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The casual observer sitting in a bankruptcy courtroom would observe a variety of courtroom battles.  Many would have the same theme.  Here is  a discussion of the main events that occur.


341 MEETINGS  The most common activity in the bankruptcy process does not even involve the court.  Every chapter for relief requires that a debtor appear at a meeting of creditors.  Chapters 7, 12 and 13 cases are presided over by the case trustee.  Chapter 11's are conducted by a representative of the office of the U.S. Trustee.  Many times  no creditors appear.  

         These are not a critical stage in the process.  While a trustee may act after the meeting based on information obtained at the meeting, no formal decisions occur at or because of the meeting.  Appearance is required by bankruptcy code section 341, hence the name.

        Individual debtors are best advised not to fret over attending a meeting.  No property right should be held in abeyance until the meeting (e.g. use of a checking account).  Rarely an antagonistic creditor will appear, but for the most part, the treatment of debtors by trustees is clinically professional, with the utmost of respect and dignity.

        Our Colorado clients are asked to produce picture identification and verify their social security numbers.

        Most 341 meetings are conducted in conjunction with other settings at the same time.  This "stacking" can mean a 2:00 PM meeting takes place closer to 3:00 PM  and they have been known to occur later if there is a complex case on the docket.

        Counsel must appear in person with the client at these meetings. This office appears at 341 meetings with debtors represented by other attorneys for their convenience from time to time. Frequently this firm hires local counsel to appear on our behalf.  We have a good working relationship with bankruptcy counsel in our geographic area.  Clients lose no measure of quality representation when this sharing of service occurs.  Many clients enjoy the opportunity for second opinions and repeat advice. 


 

STAY RELIEF  The primary showdown in most bankruptcy cases occurs when a secured creditor attempts to remove its collateral from the effects of the bankruptcy protective order--the automatic stay.  The process is by simple motion and the request is for relief from the automatic stay.  It occurs so often in the bankruptcy court that it has its own filing fee--currently $75.00.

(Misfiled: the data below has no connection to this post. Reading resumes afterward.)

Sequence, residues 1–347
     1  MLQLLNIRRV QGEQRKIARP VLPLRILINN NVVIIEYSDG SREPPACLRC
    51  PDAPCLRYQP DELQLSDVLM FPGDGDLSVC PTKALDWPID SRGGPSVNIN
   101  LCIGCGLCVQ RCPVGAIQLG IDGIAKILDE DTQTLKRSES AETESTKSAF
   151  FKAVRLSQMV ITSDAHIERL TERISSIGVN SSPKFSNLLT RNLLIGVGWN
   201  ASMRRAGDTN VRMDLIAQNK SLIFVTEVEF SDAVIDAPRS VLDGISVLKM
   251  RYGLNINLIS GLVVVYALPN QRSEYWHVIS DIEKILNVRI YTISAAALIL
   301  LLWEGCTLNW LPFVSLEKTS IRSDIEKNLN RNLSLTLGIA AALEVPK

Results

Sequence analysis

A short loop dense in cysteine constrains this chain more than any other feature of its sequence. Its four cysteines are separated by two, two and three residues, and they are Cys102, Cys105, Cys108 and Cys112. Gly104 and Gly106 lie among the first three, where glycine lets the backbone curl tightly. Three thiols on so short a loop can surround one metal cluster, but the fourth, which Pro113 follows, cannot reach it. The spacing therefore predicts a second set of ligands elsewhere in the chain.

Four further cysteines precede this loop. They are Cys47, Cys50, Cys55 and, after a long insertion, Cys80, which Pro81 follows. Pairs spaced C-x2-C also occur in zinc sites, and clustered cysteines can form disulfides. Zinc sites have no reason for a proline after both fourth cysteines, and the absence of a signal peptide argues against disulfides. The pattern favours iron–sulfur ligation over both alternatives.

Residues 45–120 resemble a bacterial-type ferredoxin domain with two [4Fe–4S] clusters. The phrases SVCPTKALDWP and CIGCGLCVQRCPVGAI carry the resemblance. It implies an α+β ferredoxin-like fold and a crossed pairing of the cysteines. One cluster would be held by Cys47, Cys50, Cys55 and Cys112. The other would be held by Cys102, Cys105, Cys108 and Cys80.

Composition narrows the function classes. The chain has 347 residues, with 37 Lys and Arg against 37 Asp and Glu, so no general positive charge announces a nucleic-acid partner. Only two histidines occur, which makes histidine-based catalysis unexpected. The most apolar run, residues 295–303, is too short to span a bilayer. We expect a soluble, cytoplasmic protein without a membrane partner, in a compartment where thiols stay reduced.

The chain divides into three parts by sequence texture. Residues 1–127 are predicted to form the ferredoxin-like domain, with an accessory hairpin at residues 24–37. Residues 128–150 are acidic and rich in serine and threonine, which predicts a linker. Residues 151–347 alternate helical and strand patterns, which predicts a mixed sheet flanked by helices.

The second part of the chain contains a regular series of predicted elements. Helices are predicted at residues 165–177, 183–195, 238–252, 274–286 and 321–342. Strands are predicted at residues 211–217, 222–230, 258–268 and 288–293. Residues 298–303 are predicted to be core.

In opposition to the request, the trustee (which includes debtors-in-possession) can resist by offering adequate protection to the creditor.  The term adequate protection is not defined by the bankruptcy code and, as a result, the parties are able to conduct broad spectrum negotiations.  The debtor has the burden of proving all aspects of the adequacy issue once the movant proves the collateral value.  The standard changes for unnecessary property and property which has no equity.  If the creditor's collateral is cash that the debtor desires to use, the burden is very high--the "indubitable equivalent."

        Often times, the key step in a successful Chapter 11 is the adequate protection agreement with the debtor's principal secured creditor.


VALUATION  The bankruptcy code defines a secured claimant, as secured to the extent of collateral value, and unsecured for any debt in excess of collateral value.  The consequence is that bankruptcy judges hear countless hours of appraisal testimony.


TRUSTEE AVOIDANCE POWERS    Many of the proceedings brought in the bankruptcy court are by trustees seeking to enhance the contents of a debtor's estate by using the extraordinary powers of their office to gather property that a debtor no longer possesses.  Many of these hinge on the propriety of a security interest, as the trustee is presumed to have a perfected interest ahead of all those that are not perfect. Issues involving the  Uniform Commercial Code and mortgage law are common.

 

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